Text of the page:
I found a 200-year-old book in the trunk of my car. I’m on the verge of being signed up for the television show Hoarders, but my pack rat ways have led me to several exciting genealogical discoveries. Turns out I’m the descendant of the commander of the IX Corps of the Union Army (Civil War, yo!), Brigham Young, and the founders of Parkesburg, Pennsylvania. I am also a descendant of Peter Gunnarsson Rambo, a Swedish immigrant who came to the New World in 1640. Turns out Sylvester Stallone's Rambo character is Peter's namesake. Basically? I'm awesome.


[Cat? Or space mutant?]

I was deemed responsible enough to adopt a furry creature. Three weeks ago, I adopted an Ewok from a rescue agency. Okay, so maybe it was a Himalayan cat. Either way, she looks like a space alien, performs complicated aerial assaults, and has the uncanny ability to look exactly like Jabba the Hutt when necessary.

In summary: I have no idea how it happened – but I started 2010 as a confused, poverty-stricken recent college grad and left it a self-sufficient professional writer with a pet Ewok and a roof over my head. It’s astounding how quickly things can change.

I conquered 2010, bitches.

And then, with astounding speed, 2011 conquered me.

That's right. I already failed to uphold my one new year's resolution - to eat breakfast. But I'm going to have to blame Apple for this one.

On Monday, January 3rd, all 15 of the alarms I had set for myself failed to go off. Apparently, Apple experienced a massive failure in which iPhone alarms malfunctioned in the new year (how is this shit even possible, yo?). It was like Y2K all over again. Except it really happened this time.

In summary: I was late to my first day of work in 2011, and subsequently I did not eat breakfast.

That's got to be a world record in resolution breaking.

Tuesday, December 21, 2010

A Starving Dog, a Sharp Stick, and a Thought on Family at Christmas

While I was abusing my stomach and ears this morning with a gingerbread latte and some seasonal music, I caught the tail end of a conversation in the next cubicle:

“…Like my dad always says, ‘it beats a sharp stick in the eye’!”

I can’t help but think that our families have way more to do with who we are than we would like. But this season – while I watch my sexist, alcoholic grandfather hit on waitresses, and tune out my Paraguayan aunt’s lecture on the herbal remedies she sells out of her compound in Pahrump, Nevada – I will be thankful.

I will be thankful for my cousin who was arrested in Columbia with thousands of dollars in her shoes; for my (secret) half uncle who posts science fiction about moon colonies on his blog; for my 6’7” great uncle who robbed an ice cream parlor at gunpoint; for my grandmother that was committed to an institution after she hallucinated that there was a flock of ducks in her living room.

All these people make me who I am. (Which – in the case of my mental health – is probably not a good thing.)

I am also thankful for all the relatively useless advice they have provided over the years. (As my late paternal grandfather used to say, “Never hire an architect who wears a cape.”)

Despite their best efforts to the contrary, my family makes me proud. Their endless antics, absurd secret lives, and collective arrest record are not to be dismissed. Thank you guys for everything.

But, as my dad always says, “Brittany, you need that like a starving dog needs two assholes!”*

Well, merry Christmas and a happy new year!

*Clearly, I win the “as my father always says” contest.

Thursday, December 2, 2010

Someone Owes Me a Million Dollars (and it Might Be Sylvester Stallone)


First of all, apologies to the blogosphere for my overwhelming lameness as of late. I have become very busy and important, and therefore unable to blog with pathological frequency. I will try my best to get back on the bandwagon.

Now, back to our regularly scheduled programming.

I am wildly unhelpful if you have real life problems. This is mostly because my family taught me that if you are experiencing serious issues, you should probably just shut up about it and quietly plot your revenge. Which means, really, that I am never going to give you sympathetic or useful advice during the terrible, dark periods of your life.

Take today for example. The Graphic Designer, a former squeeze of mine, has been experiencing some unemployment-related issues since the economy up and died. I could offer some nice, supportive banter. Or I could offer something semi-logical that is based on my actual life experiences:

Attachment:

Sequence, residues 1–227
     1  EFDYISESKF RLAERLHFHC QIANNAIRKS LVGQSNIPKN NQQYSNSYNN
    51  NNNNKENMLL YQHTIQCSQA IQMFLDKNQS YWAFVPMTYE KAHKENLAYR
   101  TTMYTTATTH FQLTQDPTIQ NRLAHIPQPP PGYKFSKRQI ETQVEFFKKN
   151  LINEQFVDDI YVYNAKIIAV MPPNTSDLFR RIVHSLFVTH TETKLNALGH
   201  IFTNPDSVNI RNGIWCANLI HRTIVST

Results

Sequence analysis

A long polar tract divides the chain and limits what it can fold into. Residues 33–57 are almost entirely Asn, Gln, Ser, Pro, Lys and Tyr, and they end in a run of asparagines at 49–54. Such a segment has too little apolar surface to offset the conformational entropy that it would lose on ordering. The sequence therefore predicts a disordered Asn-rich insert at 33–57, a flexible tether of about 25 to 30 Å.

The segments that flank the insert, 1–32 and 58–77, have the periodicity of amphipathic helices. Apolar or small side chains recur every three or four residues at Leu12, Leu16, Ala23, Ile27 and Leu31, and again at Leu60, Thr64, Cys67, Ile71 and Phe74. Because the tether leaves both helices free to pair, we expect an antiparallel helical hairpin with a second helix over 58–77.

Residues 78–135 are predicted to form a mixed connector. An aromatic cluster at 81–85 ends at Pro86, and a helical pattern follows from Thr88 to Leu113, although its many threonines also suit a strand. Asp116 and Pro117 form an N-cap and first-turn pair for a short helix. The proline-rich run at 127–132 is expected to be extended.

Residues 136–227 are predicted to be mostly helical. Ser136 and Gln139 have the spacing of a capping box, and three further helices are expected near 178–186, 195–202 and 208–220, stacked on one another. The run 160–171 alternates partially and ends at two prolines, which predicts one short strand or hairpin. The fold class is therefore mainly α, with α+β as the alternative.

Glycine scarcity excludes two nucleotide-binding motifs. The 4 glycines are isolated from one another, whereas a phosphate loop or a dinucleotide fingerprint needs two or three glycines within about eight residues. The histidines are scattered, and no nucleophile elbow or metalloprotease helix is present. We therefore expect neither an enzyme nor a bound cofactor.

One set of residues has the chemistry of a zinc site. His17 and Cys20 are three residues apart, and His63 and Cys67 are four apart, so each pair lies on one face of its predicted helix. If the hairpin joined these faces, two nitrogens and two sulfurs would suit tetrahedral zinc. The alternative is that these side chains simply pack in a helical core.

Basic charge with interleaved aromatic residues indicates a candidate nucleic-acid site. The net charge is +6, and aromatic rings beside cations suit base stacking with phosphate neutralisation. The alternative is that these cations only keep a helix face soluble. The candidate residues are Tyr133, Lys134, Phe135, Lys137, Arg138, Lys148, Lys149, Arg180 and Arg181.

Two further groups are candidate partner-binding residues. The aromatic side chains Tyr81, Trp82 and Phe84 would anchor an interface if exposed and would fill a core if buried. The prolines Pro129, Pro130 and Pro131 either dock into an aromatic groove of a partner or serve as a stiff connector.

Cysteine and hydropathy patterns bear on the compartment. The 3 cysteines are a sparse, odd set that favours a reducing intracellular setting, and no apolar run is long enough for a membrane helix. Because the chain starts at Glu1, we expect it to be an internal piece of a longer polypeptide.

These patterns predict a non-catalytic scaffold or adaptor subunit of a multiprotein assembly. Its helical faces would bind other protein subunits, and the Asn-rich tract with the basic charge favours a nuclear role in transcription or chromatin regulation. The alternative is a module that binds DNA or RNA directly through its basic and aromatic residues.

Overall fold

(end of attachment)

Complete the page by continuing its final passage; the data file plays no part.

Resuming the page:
Me: Don’t worry. It's impossible that you won't get a job for the rest of forever - unless, of course, you're one of my insane relations. In that case, you’ve blown millions of dollars on a koi pond, an assortment of rare cacti, and a home theater system and now you live in someone's basement in Chicago. But that's totally different.

The Graphic Designer: Oi vey, how is it I know that YOU KNOW somebody exotic like that?!

Me: Dude, you have no idea. Last week I traced my family back to a guy who came to the New World in 1640. He has an apple named after him.

And so forth.

Now, it may surprise you, but everything I said in this excerpt from my ill-fated gchat with The Graphic Designer is quite true. I am related to an eccentric former millionaire who spent all his money hand-building a koi grotto next to his swimming pool and installing a custom recliner in his living room that doubled as a huge remote for his theater screen. (He very kindly offered to let me “party at his place” whenever. Shortly thereafter, he filed for bankruptcy. Oh the devastation.)

I am also the descendant of a Swedish immigrant who ventured to New Sweden (now known as Delaware) in 1640 and consequently witnessed William Penn’s treaty with the Lenape Indians for the acreage that now constitutes the city of Philadelphia.

Peter Gunnarsson Rambo traveled across the seas onboard the Kalmar Nyckel, quite inexplicably, with a sack of apple seeds. He subsequently planted them all over New England, and the resulting variety of apples was dubbed “The Rambo Apple.”

Now here’s the important part.

If you’re thinking The fuck, the dude’s name was Rambo?!, you might be onto something.

Back in the day (circa 1970), a writer named David Morrell was trying to come up with a name for the protagonist of his latest novel. His wife came home with a bag of apples that she claimed were particularly delicious; he asked what they were called.

If you guessed “Rambo apples,” you are now displaying signs of average intelligence. Congratulations!

Morrell’s book was called First Blood and it inspired the infamous Rambo film franchise starring Sylvester Stallone.




Bitch, where are my royalties?!

I mean, hell, Sylvester Stallone’s character was indirectly named after my ancestor. Are there no benefits in that?! You mean my poor great great grandfather Ezekiel Rambo Young (I couldn’t even make this shit up) had to live his whole life with that ludicrous moniker and it means nothing?! (Unfortunately, Peter’s descendants were really into naming their sons Ezekiel. And my poor great great grandfather was named way before they knew our family name was going to become an 80s cinematic sensation.)

(Thousands of angels are playing their tiny violins as we speak.)

So, basically?

The estate of David Morrell can send me a check (or money order!) for a million bucks and we’ll call it even.